What Is A Green Home? Why Is It Important?
When you think about it, we spend a lot of time indoors. In fact, most of us spend up to 90% of our time indoors, according to the Environmental Protection Agency (EPA).
Now if someone asked you which was healthier, indoor air or outdoor air, you might be tempted to say indoor air. After all, outdoor air is often polluted with exhaust, smoke, chemicals, and other things.
But the truth is that our indoor air is almost always more polluted than the outdoor air. How much more polluted? Well, the EPA says that indoor air can be hundreds of times more polluted than the outdoor air, even in the most industrialized cities.
This is why taking steps towards having a greener home is so important. By making your home more natural and eco-friendly, you take out a huge chunk of the things that cause indoor air pollution. Your family is safer, your home is cleaner, and much of the time, you save money in the process.
Green homes are also much easier on the environment. By using less water and energy, you’re reducing the size of your footprint on the earth.
So, let’s take a look at what a “green home” actually is, and how you and your family can benefit from living in one!
Green Home 101
The U.S. Green Building Council defines a green home as one that uses less energy, water, and natural resources to function, creates less waste, and is healthier for the people living inside.
And don’t worry, this doesn’t mean you have to sell your current home and build a LEED-certified masterpiece. Most of the time, even the smallest efforts can produce the biggest results.
Greening Your Home
You can use the following easy tips to start making your home a bit greener today.
Stop using harsh, commercial cleaning products. These products often contain dangerous chemicals that add significantly to indoor air pollution. Many of these toxic chemicals have also been found to cause miscarriage, asthma, and other reproductive harm. Women and children (who spend the most time in the home), are particularly at risk from these chemicals.
Instead, use natural cleaners like vinegar and baking soda, or plant based cleaners like those from Seventh Generation.
Stop using air fresheners. Air fresheners may contain carcinogens, as well as containing chemicals that cause reproductive and respiratory damage. They also contain fragrances, which can cause asthma, watery eyes, and skin irritation. Instead of artificial air fragrances, why not scent your home naturally by burning soy candles or simmering a pot of cinnamon, ginger, allspice, orange peel, and vanilla in water?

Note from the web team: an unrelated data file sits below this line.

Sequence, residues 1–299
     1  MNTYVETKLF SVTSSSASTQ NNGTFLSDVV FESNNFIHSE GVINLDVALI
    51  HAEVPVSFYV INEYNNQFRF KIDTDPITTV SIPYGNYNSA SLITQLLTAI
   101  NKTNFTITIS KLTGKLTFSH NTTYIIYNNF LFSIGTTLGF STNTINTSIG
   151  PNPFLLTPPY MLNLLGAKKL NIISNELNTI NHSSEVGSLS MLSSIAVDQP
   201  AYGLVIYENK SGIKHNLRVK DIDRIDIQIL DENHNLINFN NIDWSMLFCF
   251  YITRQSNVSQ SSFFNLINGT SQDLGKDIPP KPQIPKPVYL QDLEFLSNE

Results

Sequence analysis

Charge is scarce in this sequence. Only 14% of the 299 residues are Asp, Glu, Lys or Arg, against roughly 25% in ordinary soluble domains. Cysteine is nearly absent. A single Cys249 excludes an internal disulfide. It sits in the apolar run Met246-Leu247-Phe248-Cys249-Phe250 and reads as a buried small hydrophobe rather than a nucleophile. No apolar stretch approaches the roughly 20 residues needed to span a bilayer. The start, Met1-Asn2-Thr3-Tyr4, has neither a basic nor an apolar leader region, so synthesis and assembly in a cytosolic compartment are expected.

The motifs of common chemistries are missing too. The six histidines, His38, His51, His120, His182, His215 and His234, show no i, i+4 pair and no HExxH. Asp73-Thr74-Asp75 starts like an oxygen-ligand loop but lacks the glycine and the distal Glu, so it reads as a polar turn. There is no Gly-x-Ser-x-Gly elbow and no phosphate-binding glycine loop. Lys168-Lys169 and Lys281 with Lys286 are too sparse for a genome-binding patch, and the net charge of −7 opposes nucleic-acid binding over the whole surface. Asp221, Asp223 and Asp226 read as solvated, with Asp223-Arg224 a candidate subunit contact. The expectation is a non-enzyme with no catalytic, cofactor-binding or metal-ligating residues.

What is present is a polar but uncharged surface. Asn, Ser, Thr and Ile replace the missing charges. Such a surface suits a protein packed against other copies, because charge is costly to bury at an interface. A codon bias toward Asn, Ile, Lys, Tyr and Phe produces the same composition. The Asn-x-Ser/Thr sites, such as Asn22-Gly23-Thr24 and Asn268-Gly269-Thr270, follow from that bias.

Don’t purchase compressed wood products. Most compressed wood products (like IKEA furniture or kitchen cabinets) contain formaldehyde. The EPA says that formaldehyde has been shown to cause cancer in animals, and may cause cancer in humans. Formaldehyde also causes fatigue, watery eyes, and other allergic reactions.
Use a programmable thermostat. Programmable thermostats can save you 20-30% on your heating bill simply by turning down the heat while you’re at work and at night, and turning it back up when you’re awake and active in the home.
Set the thermostat lower. For every degree you lower your thermostat in the winter, you’re going to save 3-5% on your heating bill. The means your home is using less energy, which means less CO2 is put out into the atmosphere.
Put an aerator on all faucets. Aerators will help cut your water use in sinks by 50%. And, you’ll barely notice the decrease in flow.
Use low VOC paint. VOC stands for Volatile Organic Compounds, and these unhealthy chemicals are found in regular paint (among other things). Using low VOC paint means that you and your family won’t have to breath in those toxic fumes when you’re ready for a new color.
Reduce your consumption. Here in America, every single person produces an average of 4 pounds of garbage per day. That’s a staggering amount of trash. Although this tip doesn’t tie in directly with having a green home, it does apply to living a greener lifestyle. Consuming less means that you’re using fewer resources, and producing less waste. Buy used whenever you can, or borrow from someone else. When you do have trash, recycle everything you can! It really does add up.
Switch to CFL bulbs. CFL bulbs use 66% less energy than regular bulbs. Plus, they last 10 times longer. It’s estimated that every CFL bulb will save $30 in energy costs over its lifetime.
As you can see, you don’t have to install solar panels or drive a hybrid to live a greener life. Most of the time, the smallest steps can make the biggest difference. Making simple changes to your home and your routine can have a major impact on the environment. Especially once we’re all doing it!